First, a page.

Aldi Wine Club 13th Tasting Panel – Notes #1 and #2

Nearly a full year after I first joined up with the Aldi Wine Club to review half a dozen bottles in their 7th panel, I’m very pleased to once again be linking in with them for their 13th panel.  In a happy coincidence, the first wine I’m trying is the sister act to the first wine I ever reviewed for them; the Vignobles Roussellet Malbec.

ALDI Wine Club Logo

As a quick reminder for anyone not familiar with the club, every other month Aldi select 30 would-be wine experts to become their next tasting panel.  Each month over the following 3 months you are sent two bottles to taste and rate.  You’re free to be as honest as you want with the wines, and they won’t stop sending them to you if one isn’t to your taste.  All you need to do is be prepared to share your views via social media.

Applying to be on the panel is free and you can find all of the application details here (UK only).

Here’s my thoughts on the first two wines that I have been sent for this 13th panel.

Vignobles Roussellet Sauvignon Blanc, France, 11.5% £4.49

Reminding myself of my notes on the Merlot I tasted a year prior, one of the first things I mentioned was that the bottle came under screwcap (largely not favoured by the traditionally led French) and didn’t feature either a production year or a region of production other than the general label of ‘France’.

All of this is exactly the same for this Sauvignon Blanc, but a tiny note on the back label and a Google later tells me that this wine was produced by Grands Chais de France (LGCF), who partner smaller winegrowers all over France and have access to some 2,000 hectares of vines.

In colour this is a medium lemon yellow with golden tints to the rim.  Even before I am six inches close to the glass I’m greeted by a fully fragrant nose of green, be it lime, apple flesh or grassy florality.  There’s also touches of yellow tropical fruit in the form of pineapple and melon.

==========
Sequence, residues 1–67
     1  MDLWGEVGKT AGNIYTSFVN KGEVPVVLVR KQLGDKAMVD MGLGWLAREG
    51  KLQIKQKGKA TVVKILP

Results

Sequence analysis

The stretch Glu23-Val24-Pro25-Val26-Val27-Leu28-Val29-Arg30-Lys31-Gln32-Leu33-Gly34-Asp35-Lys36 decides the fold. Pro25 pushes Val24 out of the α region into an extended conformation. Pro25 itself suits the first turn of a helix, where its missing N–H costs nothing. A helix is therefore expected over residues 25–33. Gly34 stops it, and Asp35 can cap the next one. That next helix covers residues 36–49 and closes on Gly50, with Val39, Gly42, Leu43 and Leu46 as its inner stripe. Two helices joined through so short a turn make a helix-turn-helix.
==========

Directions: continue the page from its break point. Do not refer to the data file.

On the palate you are immediately hit by a big dash of lime and an overwhelming sense of bright sun ripened fruit.  There’s a good medium weight, full of creamy, fleshy, tropical fruit (distinct melon), along with both pink grapefruit and satsuma on the end palate.

Along with a refreshing and precise acidity, the creamy lime carries on for ages and is incredibly satisfying.  With such a lovely, focused and textured wine of multi-layers it is hard to believe that such a full package can be achieved at just 11.5% alcohol.  There is absolutely no restraint in character and this in itself is a revelation.

This is amazingly good value at £4.49 and I would happily pay twice the price for it.  An easy wine to recommend, and by the time you read this I will probably have bought some more.

Aldi WC13 1st batch

Castellore Pinot Grigio Blush 2015, Veneto, Italy, 11.5%, £4.29

Usually each panel will pair off a red and a white wine but this month, for whatever reason (I’m assuming low stock/supply issues as the bottle currently shows ‘unavailable’ on the Aldi website), a Chilean Malbec was set aside to make way for this Italian Rosado.  This bottle hails from the Veneto in north-eastern Italy which is the heartland of Pinot Grigio production.

I was trying this wine on one of the handful of nice sunny days we’ve seen this year, and with the bottle up to the light the medium farmed salmon pink seemed almost luminous.  The nose was a bit more subtle and I spent a little time trying to draw something out other than the red fruit that you would expect.  Apart from being able to discern that there was a healthy amount of redcurrant alongside the expected strawberry, my conclusion was that this wine was all about the pure up-front fruit.